Also this deity Yama was earlier significant in vedic period but lost its importance to other more charismatic deities of pauranic period (Rama, Krishna, Devi, Ganesh etc).

While a visit to Yama temple is suggested for today, there are very few temples dedicated to the god of death. Let us look at few of them:

In Brahmapura, Himachal Pradesh

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A solo temple dedicated to the “Lord of Death”, Yamadharmaraj – Dharmeshvar Mahadev temple is in the state of Himachal Pradesh. Being one of the guardians among the eight guardians of directions Lord Yama just has one temple and this is really fascinating.

Lord Yamaraj temple is located in Chaurasi Temple complex at Bharmour (formally known as Brahmapura), Chamba District, Himachal Pradesh, India and the Lord here is known as Dharmeshwar Mahadev.

Chaurasi Temple complex has immense religiuos imporatnce since it appears the temples here (84 in numbers) were built around 1400 years ago. In addition to the temple for Lakshana Devi (Oldest in this complex – constructed by Raja Maru Varman 680 AD), there are temples for Lord Siva, Lord Ganesha, Lord Narasimha etc.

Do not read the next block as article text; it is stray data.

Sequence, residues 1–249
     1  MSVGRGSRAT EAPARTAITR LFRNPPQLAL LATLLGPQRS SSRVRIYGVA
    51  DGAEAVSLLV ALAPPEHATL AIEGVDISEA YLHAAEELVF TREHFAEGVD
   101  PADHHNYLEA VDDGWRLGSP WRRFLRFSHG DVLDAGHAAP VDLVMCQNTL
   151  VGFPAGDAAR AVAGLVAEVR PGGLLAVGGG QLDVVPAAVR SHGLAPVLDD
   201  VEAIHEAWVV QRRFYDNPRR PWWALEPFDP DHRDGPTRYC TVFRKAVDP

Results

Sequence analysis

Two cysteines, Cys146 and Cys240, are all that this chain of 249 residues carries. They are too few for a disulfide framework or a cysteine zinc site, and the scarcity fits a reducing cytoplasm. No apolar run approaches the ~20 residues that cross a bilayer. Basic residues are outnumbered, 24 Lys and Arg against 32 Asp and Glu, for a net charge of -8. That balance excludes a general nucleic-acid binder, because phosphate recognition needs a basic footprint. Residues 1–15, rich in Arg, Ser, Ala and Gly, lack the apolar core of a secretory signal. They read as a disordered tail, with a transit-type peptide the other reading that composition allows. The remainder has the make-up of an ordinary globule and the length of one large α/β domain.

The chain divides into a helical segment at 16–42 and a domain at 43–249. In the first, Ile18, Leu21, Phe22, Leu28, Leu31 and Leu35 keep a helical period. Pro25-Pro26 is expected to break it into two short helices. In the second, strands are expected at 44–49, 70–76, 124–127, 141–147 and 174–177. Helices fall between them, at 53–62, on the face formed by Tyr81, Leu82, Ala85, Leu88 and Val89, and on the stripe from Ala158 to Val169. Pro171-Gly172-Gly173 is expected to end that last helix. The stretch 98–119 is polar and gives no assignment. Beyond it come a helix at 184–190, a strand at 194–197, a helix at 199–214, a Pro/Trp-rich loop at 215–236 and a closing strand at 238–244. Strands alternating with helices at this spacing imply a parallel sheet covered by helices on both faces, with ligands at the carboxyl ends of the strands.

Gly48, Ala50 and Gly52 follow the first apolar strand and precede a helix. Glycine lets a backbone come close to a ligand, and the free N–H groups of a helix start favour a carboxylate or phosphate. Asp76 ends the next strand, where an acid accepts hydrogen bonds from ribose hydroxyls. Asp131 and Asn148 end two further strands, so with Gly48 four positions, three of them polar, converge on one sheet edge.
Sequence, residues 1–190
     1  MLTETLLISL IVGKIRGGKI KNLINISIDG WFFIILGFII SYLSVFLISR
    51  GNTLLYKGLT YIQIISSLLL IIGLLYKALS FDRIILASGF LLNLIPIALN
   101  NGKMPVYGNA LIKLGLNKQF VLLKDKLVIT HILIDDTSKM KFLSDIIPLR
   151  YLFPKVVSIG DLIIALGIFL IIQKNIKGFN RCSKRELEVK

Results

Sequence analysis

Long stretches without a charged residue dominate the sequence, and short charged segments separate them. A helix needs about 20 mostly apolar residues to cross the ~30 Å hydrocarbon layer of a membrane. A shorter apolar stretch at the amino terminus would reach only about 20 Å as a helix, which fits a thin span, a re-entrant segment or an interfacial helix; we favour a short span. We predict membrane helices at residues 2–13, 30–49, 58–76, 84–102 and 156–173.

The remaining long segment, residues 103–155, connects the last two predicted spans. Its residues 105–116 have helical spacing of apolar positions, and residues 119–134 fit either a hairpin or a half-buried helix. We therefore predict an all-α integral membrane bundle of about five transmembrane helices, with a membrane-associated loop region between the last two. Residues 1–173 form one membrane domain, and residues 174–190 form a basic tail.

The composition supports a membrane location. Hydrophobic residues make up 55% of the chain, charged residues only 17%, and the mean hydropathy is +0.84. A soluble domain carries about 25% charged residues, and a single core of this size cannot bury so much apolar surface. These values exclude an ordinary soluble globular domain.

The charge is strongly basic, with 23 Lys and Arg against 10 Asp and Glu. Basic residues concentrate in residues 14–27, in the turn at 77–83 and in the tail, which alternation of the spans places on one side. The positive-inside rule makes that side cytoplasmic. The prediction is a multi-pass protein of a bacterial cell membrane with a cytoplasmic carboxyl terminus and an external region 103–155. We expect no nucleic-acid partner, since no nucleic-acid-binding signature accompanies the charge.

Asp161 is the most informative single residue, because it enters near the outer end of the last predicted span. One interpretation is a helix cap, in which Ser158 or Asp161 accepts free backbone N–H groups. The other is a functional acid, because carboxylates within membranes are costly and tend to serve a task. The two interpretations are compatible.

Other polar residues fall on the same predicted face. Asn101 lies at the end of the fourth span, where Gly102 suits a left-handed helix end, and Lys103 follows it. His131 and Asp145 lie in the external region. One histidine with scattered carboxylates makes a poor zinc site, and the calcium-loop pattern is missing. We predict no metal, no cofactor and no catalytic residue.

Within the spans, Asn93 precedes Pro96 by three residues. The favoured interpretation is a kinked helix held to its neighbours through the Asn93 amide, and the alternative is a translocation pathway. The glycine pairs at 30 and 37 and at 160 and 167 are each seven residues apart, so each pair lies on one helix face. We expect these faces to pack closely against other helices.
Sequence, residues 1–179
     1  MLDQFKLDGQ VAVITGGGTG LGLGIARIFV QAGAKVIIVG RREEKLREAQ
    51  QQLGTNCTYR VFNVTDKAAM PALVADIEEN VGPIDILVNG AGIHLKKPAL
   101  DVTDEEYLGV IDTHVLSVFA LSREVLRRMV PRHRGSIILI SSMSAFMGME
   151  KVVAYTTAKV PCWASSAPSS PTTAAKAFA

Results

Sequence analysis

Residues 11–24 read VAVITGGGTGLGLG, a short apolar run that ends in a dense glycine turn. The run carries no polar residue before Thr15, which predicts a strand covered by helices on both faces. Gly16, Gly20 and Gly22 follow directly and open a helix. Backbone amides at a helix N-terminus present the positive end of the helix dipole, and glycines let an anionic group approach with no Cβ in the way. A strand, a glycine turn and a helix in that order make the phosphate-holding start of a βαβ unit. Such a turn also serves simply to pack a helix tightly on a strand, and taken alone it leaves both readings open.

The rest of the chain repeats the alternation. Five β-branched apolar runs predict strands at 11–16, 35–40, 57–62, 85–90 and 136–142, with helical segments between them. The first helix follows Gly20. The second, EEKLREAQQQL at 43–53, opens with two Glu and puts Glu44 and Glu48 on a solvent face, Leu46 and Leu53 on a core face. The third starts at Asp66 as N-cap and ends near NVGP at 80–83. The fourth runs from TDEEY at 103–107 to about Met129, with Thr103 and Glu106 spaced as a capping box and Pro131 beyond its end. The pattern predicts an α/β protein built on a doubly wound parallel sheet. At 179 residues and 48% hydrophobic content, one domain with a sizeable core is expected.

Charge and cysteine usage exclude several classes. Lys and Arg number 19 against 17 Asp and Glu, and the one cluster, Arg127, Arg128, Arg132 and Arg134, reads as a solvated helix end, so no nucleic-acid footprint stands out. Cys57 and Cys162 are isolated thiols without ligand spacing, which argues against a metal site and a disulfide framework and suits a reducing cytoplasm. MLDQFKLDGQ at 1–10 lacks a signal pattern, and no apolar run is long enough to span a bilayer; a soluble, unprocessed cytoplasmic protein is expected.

Just in front of temple of   Dharmeshvar mahadev is a shila (stone slab) protected by a wooden fencing on which is carved a ring and paduka (foot prints). It is said to be seat or a court of Chitragupt, who keeps record of satisfactory & evil deeds of every living being in this world.

Locals believe that ancient scriptures mentioned Dharmeshvar Mahadev, as a gateway for every departed soul. After death, each soul arrives in here to be served justice by the hands of Lord Yama.

In Dharmapuri, Telanagana

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This is one of the temple shrines in country where Lord Yama (God of Death) is worshipped. The devotees who visit the Dharmapuri temple shrine first offer prayers to the Lord Yama at his temple before offering prayers to other deities. The devotees pour oil in the “Yamaganda deepam” to get rid of their sorrows and sufferings.